Be alert on the lower mile; even though it is a lot of fun it is difficult to stop and there are logs in the river. Below one double log portage is a drop known as 'Storm Drain'. Be careful on this one; the hole packs a punch and it is very difficult to scout.

The first time I did the North Fork we all ran Storm Drain without scouting, and luckily there wasn't any wood in it. This was not a good idea. Storm drain tends to collect wood, so always scout it on the left. We learned this the hard way when Pete ran it blind a couple years ago and there was a log wedged in the drop. He tangled it up with the log and lost his paddle, so we always scout this one now. It should be noted that the scouting eddies above Storm Drain are very small and it is very, very easy to get blown into this drop.

Storm Drain. The log and undercut boulder on the left below the hole are potential problem areas.
We didn't used to scout this one, but we do now ever since Pete tangled with a surprise log in this drop and lost his paddle.

Pete runs storm drain.
You have to boof with right angle here or you get stuffed under the log.

Below Storm Drain are some really fun rapids! Pete enjoying some North Fork goodness.

The author boofs a drop downstream..
Photo by Pete Giordano

Below Storm Drain the rapids are fast and furious all the way down to 'Double Blind Date', a blind, twisty drop that should be scouted for wood on the right. Once past the first drop the river roars over a steep, blind boulder garden, we generally go left on the bottom drop. When you scout the first time down, note the boulder sieve on the outside right corner, and the logs extending into the current on both side of the river just downstream.

Pete enters Double Blind Date. This rapid continues for about fifty yards below this entrance drop.
Always scout this one on the right to make sure no wood is waiting around the corner.

The author lines up on the steep jumble of boulders just below the entrance to Double Blind Date.

Below Blind Double Date the gradient cools off but there are still a few small drops. There used to be a number of log portages on this lower section but there aren't any now. When you reach the logjam at the end, eddy out just above it and look for a small channel on the left side of the jam. You can sneak past the wood on this side without getting out of your boat..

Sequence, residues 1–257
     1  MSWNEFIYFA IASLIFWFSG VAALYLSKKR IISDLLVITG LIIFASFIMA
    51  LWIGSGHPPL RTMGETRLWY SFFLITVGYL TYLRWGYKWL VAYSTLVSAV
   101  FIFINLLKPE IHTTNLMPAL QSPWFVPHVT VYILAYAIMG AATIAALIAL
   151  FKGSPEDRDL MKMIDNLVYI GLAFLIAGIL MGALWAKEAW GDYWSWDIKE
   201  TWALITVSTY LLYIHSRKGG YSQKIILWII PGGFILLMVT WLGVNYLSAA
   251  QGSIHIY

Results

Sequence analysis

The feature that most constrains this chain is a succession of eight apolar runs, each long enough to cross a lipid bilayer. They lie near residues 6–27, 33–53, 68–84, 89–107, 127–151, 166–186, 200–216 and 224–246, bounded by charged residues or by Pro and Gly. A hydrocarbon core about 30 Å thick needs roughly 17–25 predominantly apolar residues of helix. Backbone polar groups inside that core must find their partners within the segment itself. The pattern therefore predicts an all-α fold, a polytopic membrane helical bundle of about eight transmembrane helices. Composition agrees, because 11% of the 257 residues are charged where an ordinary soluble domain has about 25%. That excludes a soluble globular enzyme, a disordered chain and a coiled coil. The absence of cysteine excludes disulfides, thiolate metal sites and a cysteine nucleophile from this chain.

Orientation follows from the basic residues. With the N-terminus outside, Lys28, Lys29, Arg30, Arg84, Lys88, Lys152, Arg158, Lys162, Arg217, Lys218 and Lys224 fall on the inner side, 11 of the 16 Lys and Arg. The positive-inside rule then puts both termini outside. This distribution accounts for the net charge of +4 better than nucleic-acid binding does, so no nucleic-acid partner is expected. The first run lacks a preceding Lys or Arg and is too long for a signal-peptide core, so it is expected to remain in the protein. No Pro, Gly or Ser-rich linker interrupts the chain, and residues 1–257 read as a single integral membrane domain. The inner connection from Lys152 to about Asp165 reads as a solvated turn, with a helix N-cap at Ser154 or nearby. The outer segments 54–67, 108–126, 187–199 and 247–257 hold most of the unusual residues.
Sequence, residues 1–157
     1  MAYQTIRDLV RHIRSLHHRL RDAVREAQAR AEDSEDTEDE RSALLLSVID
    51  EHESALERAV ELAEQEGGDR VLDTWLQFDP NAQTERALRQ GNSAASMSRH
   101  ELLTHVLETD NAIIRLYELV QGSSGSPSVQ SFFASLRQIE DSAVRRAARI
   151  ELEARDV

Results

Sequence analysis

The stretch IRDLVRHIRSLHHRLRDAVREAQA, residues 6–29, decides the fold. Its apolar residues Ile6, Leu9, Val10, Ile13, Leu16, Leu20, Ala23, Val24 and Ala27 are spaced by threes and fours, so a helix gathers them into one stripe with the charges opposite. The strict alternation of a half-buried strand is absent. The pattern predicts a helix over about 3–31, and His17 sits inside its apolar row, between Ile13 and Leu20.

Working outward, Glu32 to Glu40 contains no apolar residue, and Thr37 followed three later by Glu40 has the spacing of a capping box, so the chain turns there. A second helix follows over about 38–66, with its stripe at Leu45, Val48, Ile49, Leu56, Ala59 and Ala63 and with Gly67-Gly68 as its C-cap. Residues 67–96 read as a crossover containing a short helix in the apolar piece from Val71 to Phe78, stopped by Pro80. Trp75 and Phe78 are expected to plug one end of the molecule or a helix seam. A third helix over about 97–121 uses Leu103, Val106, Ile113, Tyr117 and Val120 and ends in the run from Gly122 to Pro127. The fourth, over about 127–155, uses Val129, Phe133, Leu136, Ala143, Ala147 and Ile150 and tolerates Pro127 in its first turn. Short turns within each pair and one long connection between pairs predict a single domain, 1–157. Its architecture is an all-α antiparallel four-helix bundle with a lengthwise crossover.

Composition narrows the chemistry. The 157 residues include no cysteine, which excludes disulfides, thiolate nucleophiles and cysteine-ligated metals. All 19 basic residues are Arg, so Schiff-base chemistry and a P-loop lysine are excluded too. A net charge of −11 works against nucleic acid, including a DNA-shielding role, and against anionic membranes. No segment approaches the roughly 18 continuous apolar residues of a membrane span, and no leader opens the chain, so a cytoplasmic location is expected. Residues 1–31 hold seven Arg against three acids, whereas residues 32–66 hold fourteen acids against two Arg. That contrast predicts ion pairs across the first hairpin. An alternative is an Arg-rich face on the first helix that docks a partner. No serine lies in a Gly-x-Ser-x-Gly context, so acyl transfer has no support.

Below the log portages is a quarter mile paddle to the take-out..

Old School on the North Fork: The crew on a North Fork Clackamas trip in 2003. Dan Coyle, Gabe Flock and Pete Giordano.
Photo taken by the author during the short paddle out on the North Fork inlet.

To guesstimate flows, calculate the difference between the Clackamas at Three Lynx and the Clackamas at Estacada. You want at least a 2,000 cfs difference between the two gauges after or during a big rain storm. The North Fork runs off fast, so you have to catch it either during or within a day or two of a big storm.

The other key indicator to look for is the outflow 'pushing' out into the main reservoir from the North Fork Reservior. You should see muddier North Fork flows extending out into the main reservoir from the North Fork reservoir as you drive by on Hwy 224, especially after a big rain. If you don't see this discoloration in the main reservoir, the North Fork may not be running.

The North Fork also has snowmelt events during big snow years. If you get a big spike on the Clackamas due to snowmelt, the North Fork often runs ( the Stairway shots of Josh on this trip report were taken in May 2008 when the Clackamas spiked to 8,500 cfs due to snowmelt after a couple of very hot days ).

If you want to remove any guesswork from the equation, park at the take out on North Fork reservoir ( at the yellow gate marking the day use area for the North Fork Reservoir ) and jog up the trail on the parking lot side of the reservoir for a quarter of a mile until you get to the river. You can tell you are in the right spot when the trail starts going uphill and you hear the river on your right. Look through the trees and you should be able to see the river flowing over a gravel bar. This gravel bar should be runnable. If it looks like you would grind to a halt on it, go elsewhere. If there is enough water to boat over it with only a few bumps, you are good to go. Do not run the North Fork at low water. You will regret it if you do and your boat may not survive the experience!

To reach the North Fork, turn left off of 224 across the highway from Promitory Park and go uphill for a mile or so until the road turns to gravel. Drive a total of 3.3 miles, or until you see a tree with a large orange '3' painted on it on the left hand side. This marks the road you use to hike down into the canyon. It is currently blocked with some large stumps to keep the off-roaders out of the river drainage.

A detail map of the North Fork.

A zoomed-out map of the North Fork. 3.73 miles is the total miles paddled, including river and reservoir.